I spoke by email with with Patrick W. Shannon, Distinguished Professor Emeritus of Education, at Penn State, about his 2011 book Reading Wide Awake: Politics, Pedagogies, & Possibilities (New York, […]
“We need to learn to listen and read and interpret messages more thoughtfully,” Amy Lombardi told me. A doctoral student at the University of California at Davis, Lombardi says such […]
I spoke with Dr. Timothy Oleksiak, Assistant Professor of English at the University of Massachusetts—Boston, about two of his essays, “A Queer Praxis for Peer Review” and “Slow Peer Review […]
In The Teaching Archive: A New History for Literary Study Dr. Rachel Sagner Buurma and Dr. Laura Heffernan turn to archives from the actual classrooms of major literary critics of the past century to see what the available course documents tell about the history of the teaching of literature. This approach contrasts with existing histories, such as Gerald Graff’s Professing Literature, which are based on archives of published works about teaching rather than archives of teaching itself. While this book will naturally interest literature teachers most, I think that Buurma and Heffernan’s methods and findings have wider implications across academia. Every discipline has a pedagogical past to learn from and a future to archive for.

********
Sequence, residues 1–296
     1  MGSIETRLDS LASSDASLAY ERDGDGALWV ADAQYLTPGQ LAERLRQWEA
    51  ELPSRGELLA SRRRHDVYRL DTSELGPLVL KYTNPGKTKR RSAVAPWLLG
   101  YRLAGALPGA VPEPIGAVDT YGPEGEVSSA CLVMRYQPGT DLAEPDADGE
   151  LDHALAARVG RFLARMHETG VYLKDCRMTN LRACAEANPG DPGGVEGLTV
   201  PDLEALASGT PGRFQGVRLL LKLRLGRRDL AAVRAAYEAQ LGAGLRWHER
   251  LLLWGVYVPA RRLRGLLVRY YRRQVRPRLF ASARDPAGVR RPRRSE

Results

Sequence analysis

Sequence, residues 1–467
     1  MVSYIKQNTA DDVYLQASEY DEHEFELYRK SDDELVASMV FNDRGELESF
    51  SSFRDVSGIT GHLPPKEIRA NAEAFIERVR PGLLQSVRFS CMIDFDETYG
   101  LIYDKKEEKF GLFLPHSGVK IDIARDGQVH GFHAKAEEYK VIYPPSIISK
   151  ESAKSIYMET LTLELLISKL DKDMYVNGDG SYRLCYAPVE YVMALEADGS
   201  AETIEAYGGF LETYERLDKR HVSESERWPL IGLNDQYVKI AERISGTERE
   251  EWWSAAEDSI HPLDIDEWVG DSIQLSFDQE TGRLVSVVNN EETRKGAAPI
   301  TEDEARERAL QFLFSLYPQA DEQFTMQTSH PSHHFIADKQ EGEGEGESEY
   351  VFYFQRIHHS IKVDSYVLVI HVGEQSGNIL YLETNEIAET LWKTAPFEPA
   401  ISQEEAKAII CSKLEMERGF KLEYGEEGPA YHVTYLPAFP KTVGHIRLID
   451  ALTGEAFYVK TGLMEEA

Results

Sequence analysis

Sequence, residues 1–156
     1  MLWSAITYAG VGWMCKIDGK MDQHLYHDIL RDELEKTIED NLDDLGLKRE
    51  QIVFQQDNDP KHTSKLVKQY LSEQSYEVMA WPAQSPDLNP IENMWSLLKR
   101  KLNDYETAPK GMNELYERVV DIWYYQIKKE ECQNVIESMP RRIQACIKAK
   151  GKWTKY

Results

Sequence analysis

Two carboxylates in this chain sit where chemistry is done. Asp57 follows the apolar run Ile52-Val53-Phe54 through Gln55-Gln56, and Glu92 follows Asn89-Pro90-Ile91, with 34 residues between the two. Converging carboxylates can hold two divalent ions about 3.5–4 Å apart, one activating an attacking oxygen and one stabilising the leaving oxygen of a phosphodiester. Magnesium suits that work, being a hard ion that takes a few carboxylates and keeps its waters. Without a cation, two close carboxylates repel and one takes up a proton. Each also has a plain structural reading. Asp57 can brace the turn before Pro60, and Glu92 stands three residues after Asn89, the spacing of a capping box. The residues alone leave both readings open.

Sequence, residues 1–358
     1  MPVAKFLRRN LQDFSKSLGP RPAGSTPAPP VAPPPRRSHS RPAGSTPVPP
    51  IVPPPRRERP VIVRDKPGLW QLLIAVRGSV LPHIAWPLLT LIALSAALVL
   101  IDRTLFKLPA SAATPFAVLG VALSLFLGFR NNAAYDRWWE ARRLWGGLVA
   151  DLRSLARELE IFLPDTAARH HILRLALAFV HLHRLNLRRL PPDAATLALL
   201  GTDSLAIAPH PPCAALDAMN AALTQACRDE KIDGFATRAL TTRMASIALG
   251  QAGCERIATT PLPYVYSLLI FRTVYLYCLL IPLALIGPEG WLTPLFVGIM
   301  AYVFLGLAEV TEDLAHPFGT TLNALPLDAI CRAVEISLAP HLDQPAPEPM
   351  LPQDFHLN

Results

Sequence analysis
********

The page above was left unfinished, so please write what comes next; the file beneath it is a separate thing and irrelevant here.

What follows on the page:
I sat down with Dr. Erec Smith, Associate Professor of Rhetoric and Composition at York College, to discuss his book A Critique of Anti-Racism in Rhetoric and Composition: The Semblance […]
I so enjoyed talking with Dr. Sherry Lee Linkon, Professor of English and Director of the Writing Program at Georgetown University, about her book, Literary Learning: Teaching the English Major […]